The city of Markham and the police department were recently named in a gender discrimination case filed by Monique Woods.
Monique Woods, a Markam police officer, recently filed a lawsuit against the department and city over allegations that she was “harassed, refused time off and denied the equipment she needed for training because of her gender.” The federal suit was filed earlier this month and further claims that even though she has so far met the department’s expectations, “she was treated less favorably than her male colleagues.” Her suit also alleges she was “removed from her assignment, passed over for promotion, denied adequate equipment and refused time off, among other slights.”
On one occasion in 2018, Woods attended a two-day training session and allegedly requested a “simulation handgun, ammunition, a face shield and eye, and ear protection” for the training but never received it. However, two of her male co-workers attending the training did receive the equipment. It’s worth noting that Woods is one of four female Markham officers who “have filed Illinois Department of Human Rights complaints against the city and its Police Department since October 2018, when Chief Terry White assumed his current role.”
In all four complaints, the officers argued that “White demoted them or took them off special assignments, refused to allow them to attend trainings, switched their shifts involuntarily, refused to let them take days off, and generally treated them with disdain and disrespect.” After each complaint, the Department of Human Rights conducted an investigation. In Woods’ case, however, the department determined her claims lacked substantial evidence.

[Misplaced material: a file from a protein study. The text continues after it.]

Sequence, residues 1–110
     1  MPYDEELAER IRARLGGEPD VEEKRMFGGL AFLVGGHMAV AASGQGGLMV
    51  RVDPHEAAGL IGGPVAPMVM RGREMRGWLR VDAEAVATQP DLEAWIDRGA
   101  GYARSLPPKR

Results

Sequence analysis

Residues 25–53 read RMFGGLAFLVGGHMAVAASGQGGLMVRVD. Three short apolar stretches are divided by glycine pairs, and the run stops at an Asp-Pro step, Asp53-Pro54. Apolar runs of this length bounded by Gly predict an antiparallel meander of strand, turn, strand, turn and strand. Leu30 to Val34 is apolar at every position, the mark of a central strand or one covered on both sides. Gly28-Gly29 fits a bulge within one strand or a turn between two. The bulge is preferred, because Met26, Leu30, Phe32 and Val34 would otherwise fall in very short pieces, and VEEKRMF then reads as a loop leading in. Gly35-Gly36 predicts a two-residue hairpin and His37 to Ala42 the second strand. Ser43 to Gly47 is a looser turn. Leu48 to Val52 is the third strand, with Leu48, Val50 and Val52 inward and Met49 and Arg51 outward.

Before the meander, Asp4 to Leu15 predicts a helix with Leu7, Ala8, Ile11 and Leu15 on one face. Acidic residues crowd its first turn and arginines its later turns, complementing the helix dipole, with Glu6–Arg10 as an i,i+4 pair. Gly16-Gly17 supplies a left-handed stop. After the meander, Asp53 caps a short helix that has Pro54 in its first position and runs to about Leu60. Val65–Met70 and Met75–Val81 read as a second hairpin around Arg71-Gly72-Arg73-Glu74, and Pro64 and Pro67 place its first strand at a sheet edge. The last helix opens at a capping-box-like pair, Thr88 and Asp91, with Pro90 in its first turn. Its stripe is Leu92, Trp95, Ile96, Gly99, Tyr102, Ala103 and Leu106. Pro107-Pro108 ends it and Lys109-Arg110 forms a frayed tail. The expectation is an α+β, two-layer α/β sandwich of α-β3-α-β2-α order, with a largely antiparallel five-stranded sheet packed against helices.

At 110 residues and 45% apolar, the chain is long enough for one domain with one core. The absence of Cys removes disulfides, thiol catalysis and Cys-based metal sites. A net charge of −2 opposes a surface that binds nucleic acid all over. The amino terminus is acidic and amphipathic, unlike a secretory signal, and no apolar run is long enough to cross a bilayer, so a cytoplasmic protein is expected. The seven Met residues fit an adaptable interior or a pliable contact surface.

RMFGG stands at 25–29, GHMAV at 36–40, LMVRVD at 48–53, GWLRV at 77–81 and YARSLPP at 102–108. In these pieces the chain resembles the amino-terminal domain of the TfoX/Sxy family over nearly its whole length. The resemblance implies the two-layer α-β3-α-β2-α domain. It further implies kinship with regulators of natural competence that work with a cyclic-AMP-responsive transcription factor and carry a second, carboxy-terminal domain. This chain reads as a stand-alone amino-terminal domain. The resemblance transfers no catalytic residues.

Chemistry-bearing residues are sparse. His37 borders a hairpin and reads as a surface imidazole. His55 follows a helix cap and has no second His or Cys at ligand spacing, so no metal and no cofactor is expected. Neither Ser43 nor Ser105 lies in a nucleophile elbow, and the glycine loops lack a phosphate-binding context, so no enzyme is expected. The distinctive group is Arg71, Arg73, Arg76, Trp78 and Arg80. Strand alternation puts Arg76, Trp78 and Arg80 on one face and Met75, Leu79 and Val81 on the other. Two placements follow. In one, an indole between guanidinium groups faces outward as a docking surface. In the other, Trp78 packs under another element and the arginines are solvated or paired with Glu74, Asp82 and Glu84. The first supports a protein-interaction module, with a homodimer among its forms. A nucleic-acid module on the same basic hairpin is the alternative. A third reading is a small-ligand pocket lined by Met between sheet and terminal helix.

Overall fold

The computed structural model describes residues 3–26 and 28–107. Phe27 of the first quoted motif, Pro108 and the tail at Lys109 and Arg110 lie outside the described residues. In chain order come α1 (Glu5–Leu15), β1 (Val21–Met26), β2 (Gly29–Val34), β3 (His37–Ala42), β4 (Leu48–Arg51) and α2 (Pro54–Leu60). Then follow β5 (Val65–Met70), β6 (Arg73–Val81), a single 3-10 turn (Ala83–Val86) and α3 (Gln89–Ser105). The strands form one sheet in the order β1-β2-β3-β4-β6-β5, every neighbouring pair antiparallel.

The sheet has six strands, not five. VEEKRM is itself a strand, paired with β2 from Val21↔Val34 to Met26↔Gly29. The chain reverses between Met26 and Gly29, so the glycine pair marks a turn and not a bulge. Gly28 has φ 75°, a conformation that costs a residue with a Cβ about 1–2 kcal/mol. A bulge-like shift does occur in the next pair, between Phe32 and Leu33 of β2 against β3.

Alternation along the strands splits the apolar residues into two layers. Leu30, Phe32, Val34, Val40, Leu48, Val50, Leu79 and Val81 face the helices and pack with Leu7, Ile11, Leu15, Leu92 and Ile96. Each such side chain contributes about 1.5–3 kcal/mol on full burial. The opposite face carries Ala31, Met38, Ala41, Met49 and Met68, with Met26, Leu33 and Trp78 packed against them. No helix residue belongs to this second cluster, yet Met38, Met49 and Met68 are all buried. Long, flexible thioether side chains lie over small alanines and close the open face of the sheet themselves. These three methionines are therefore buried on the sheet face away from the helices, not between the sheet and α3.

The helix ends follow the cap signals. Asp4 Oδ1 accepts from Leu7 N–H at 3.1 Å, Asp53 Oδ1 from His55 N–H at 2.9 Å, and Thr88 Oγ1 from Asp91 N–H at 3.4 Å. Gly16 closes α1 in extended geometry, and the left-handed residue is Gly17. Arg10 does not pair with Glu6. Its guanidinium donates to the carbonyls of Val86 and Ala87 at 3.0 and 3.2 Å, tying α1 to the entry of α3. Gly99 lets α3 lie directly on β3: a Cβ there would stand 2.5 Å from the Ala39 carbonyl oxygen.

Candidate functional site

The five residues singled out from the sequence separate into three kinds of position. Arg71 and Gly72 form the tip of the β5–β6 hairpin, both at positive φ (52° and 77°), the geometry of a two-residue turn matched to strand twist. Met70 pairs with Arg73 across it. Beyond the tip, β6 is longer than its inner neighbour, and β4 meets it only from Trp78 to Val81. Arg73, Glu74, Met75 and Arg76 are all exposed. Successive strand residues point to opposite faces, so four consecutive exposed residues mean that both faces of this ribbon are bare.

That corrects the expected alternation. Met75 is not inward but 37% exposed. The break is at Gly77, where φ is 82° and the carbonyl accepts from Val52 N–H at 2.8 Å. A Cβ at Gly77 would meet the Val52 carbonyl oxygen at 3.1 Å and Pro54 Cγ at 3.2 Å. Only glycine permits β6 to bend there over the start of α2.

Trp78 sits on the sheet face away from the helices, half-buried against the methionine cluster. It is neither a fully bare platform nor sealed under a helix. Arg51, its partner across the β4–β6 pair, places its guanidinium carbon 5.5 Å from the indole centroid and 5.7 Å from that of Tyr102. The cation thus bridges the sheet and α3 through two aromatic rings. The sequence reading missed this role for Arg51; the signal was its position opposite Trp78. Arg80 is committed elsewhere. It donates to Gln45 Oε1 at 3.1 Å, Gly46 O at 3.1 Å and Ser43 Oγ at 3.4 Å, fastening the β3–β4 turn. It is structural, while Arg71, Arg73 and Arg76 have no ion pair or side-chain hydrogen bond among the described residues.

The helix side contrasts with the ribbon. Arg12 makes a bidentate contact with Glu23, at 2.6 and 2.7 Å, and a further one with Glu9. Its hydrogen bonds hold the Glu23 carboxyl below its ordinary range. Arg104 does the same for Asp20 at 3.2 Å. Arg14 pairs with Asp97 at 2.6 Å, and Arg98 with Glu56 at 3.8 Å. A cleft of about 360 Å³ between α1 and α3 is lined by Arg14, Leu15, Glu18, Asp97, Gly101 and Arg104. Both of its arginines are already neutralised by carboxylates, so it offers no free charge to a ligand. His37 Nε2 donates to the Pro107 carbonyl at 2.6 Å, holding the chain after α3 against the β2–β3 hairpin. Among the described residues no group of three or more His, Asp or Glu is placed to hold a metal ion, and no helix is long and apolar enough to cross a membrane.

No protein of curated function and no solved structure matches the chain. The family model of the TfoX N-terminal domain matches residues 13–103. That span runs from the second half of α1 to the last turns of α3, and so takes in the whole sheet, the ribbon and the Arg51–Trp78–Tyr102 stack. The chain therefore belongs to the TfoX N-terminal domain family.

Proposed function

When commenting on her treatment, Woods said she “felt scared, uncertain about her future and unwelcome at the police station, but was committed to seeking a legal resolution to her situation, even if it resulted in retaliation.” She added, “The only thing we want is to be treated right, to be treated fairly. That’s all.”
She also said she was upset that the IDHR failed to find evidence of discrimination and “didn’t agree with how the agency conducted its investigation.” For example, she claims the investigators didn’t interview all her witnesses and “spoke to some of them on a conference call with superior officers who are loyal to the chief.” She said, “Do you really think the witnesses are going to say the truth? They’re afraid of retaliation.”
Of the witnesses included in the IDHR report, only a handful of the ones Woods wanted to be interviewed actually were, including White, his deputy chief, and five others. “Two other officers told the agency they did not wish to participate in the investigation, three did not respond to the agency’s attempts to reach them and a union business agent was not contacted because his non-work contact information was not provided.”